Nawaz Sharif's return on cards

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Islamabad, Nov 23 (UNI) With a sudden change of heart on the part of the ruling Saudi family, Pakistan's former Prime Minister Nawaz Sharif may be allowed to return to Pakistan this month.

But even before he is given permission to leave Saudi Arabia, a new formula has been evolved through back-channel diplomacy under which Mr Sharif's wife Kulsoom Nawaz and brother Shahbaz may return earlier, possibly by Sunday, to file their nomination papers for the coming general election, Dawn newspaper reported.

The paper quoted highly placed sources that are privy to some of the negotiations and are following the rapidly changing situation.

They told Dawn that if this formula came through, Mr Sharif might delay his return, and arrive in Pakistan after November 26, which would be his way of avoiding participation in the January 8 elections.

Mr Sharif was expected to travel to Pakistan via London early next week, but things have moved so fast over the last 24 hours that he is now likely to go back home straight from Saudi Arabia, Nadir Chaudhry, a spokesman for the PML-N leader in London said.

He denied that President Pervez Musharraf had allowed Mr Sharif to return home on the condition that he would not boycott the forthcoming elections.

On the contrary, Nadir said, Gen Musharraf tried to persuade King Abdullah against allowing Mr Sharif to go back home before the completion of the ''10-year exile deal'' he had signed with the Saudi authorities in 2000.

Ahsan Iqbal, a spokesman for the PML-N, refused to be drawn on the specifics of any of these developments, but admitted that all these options were possible.

He said that Mr Sharif might return by Sunday, and there was also a possibility that his wife and brother end their exile in the first phase, and the former Prime Minister returns later.

''In any case'', he said, ''we have called a meeting of the party's central executive committee in Islamabad on Sunday, and are pretty confident that it will be attended by the leadership that has so far remained in exile.'' Although equally vague on the specifics, Chaudhry Shujaat Hussain, the head of the pro-Musharraf PML-Q, said that if Mr Sharif returns to Pakistan before the elections, it would be a result of a ''deal'' with the Saudi government, and that his party would welcome the development.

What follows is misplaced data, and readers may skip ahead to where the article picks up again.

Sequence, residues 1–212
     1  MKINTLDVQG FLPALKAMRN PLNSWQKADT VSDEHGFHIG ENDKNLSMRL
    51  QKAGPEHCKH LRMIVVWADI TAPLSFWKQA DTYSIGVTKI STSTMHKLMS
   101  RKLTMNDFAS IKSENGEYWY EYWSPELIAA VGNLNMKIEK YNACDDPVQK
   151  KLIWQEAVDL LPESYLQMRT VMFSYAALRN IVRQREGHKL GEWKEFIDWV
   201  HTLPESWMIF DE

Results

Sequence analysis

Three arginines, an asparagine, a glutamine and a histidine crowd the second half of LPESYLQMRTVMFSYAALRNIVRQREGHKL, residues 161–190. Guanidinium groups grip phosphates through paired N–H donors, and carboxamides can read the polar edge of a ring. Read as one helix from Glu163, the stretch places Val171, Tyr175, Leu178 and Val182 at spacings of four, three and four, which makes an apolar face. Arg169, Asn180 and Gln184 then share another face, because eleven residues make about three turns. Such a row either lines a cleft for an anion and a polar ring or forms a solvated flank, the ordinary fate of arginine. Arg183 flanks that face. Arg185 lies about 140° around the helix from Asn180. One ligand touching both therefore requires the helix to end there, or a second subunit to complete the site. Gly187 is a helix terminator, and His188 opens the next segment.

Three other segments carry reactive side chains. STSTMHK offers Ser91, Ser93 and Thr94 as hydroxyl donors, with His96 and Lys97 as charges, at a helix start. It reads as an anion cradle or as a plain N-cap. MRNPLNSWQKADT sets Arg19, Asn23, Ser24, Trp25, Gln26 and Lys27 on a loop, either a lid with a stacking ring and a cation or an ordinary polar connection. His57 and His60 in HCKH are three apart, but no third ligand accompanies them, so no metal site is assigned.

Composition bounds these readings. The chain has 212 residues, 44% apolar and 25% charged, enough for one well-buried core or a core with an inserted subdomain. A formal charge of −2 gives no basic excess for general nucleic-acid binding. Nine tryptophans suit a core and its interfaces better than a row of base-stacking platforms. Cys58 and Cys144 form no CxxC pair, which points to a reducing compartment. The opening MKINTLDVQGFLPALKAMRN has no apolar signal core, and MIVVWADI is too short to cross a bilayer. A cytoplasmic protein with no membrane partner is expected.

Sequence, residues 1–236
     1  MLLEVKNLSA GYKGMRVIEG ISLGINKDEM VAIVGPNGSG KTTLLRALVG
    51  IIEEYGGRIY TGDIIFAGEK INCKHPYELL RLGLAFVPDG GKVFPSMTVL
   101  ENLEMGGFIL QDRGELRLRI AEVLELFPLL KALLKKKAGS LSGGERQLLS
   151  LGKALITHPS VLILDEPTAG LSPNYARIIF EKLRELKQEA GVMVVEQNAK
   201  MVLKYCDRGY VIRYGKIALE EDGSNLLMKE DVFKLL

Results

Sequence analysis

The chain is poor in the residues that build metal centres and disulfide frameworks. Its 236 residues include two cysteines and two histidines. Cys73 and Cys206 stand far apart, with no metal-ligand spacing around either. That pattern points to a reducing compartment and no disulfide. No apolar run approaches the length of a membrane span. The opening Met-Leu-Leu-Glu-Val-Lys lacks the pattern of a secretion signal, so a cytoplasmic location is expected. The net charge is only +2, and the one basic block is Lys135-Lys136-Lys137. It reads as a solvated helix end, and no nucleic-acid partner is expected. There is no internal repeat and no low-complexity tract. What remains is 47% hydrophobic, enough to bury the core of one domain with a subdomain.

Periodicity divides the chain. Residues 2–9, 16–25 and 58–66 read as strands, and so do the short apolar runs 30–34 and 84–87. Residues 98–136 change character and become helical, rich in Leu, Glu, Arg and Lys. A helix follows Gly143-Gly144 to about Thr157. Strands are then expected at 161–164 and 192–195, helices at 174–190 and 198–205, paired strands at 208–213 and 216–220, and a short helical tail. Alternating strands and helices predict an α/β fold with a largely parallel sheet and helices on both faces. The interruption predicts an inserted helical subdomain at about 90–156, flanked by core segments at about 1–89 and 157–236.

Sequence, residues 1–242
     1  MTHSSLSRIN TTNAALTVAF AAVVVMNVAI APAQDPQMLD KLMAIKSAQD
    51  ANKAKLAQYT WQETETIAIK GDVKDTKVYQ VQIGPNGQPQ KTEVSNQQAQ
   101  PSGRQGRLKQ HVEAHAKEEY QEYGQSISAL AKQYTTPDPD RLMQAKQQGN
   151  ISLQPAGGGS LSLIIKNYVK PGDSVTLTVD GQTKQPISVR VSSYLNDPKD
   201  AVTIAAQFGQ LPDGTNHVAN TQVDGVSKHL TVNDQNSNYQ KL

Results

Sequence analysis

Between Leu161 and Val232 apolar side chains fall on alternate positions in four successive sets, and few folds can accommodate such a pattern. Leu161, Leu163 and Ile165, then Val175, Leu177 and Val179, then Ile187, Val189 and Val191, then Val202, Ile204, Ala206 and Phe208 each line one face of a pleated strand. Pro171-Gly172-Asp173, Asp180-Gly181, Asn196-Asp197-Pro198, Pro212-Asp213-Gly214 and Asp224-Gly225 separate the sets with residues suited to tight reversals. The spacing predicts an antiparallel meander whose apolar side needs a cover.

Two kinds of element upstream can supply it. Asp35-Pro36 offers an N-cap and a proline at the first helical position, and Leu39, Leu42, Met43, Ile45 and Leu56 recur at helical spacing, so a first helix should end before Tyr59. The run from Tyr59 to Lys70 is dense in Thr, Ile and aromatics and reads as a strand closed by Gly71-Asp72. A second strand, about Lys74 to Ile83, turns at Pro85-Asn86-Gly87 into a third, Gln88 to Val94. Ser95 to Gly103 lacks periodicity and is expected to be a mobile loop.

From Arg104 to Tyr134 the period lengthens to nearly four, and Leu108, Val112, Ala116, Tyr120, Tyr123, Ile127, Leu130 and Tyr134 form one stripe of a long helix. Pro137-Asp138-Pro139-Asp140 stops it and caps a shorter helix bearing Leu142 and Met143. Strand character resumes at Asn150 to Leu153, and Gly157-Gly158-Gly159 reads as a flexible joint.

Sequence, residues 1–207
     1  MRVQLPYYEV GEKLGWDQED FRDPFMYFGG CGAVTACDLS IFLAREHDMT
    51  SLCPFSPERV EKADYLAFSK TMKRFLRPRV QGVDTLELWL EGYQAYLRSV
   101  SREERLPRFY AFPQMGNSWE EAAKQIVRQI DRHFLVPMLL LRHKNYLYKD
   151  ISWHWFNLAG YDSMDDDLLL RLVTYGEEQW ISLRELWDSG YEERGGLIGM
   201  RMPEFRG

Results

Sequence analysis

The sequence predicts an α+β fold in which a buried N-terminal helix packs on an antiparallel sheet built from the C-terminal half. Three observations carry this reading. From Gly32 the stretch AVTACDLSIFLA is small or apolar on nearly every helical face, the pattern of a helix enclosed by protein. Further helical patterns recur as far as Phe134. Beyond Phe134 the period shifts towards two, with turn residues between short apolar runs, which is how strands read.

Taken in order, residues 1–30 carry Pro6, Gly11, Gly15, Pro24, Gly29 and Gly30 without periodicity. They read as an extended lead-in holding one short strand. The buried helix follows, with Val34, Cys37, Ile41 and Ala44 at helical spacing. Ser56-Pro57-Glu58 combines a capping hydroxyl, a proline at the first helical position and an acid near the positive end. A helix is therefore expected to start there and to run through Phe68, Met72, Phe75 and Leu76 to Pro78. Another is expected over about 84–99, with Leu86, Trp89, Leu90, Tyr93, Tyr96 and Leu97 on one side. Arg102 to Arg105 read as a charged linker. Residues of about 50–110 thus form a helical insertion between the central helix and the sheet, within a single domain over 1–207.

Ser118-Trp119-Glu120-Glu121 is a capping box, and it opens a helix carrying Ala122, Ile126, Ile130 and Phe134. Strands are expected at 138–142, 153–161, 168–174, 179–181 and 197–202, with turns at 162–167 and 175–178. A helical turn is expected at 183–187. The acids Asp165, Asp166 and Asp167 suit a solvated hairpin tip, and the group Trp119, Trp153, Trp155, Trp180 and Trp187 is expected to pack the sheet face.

He said the party was prepared to take on all such challenges.

''We are not afraid of him,'' he said.

The dramatic development, said a highly placed source in the government, came after Gen Musharraf's meeting with the Saudi king two days ago.

Although details of the meeting were not made public, sources in the Pakistan government said Gen Musharraf was politely told by the Saudi authorities that after former Prime Minister Benazir Bhutto's return, it was ''extremely difficult to hold back'' another former Prime Minister.

Once the thinking of the Saudi government became clear to officials here, they resolved to dilute the effect of such a major change in the political atmosphere in the run-up to the elections.

According to one such source, high-level contacts at the international level led to an understanding that Mr Sharif will start toning down his rhetoric, and in the first phase would only send his wife and brother.

The two would be allowed to submit their nomination papers on an assurance that Mr Sharif will return only after November 26-- the last day for filing nominations papers-- and will not stand in the elections.

Although nomination papers for the Sharif brothers and Ms Nawaz had already been obtained for three different constituencies in Lahore, a leader of the PML-N said, the party was open to the idea of filing papers for one or two of these leaders.

Sources in the PML-N, as well as some influential members of the PML-Q, think that a lot depended on the outcome of today's meeting between Mr Sharif and the Saudi king in Riyadh. ''Till that time the situation would remain fluid,'' said one member of the PML-Q.

Although Mr Sharif's return is being regarded as one of the biggest challenges faced so far by Gen Musharraf and his allies, some sources said it would increase the credibility of the general election.


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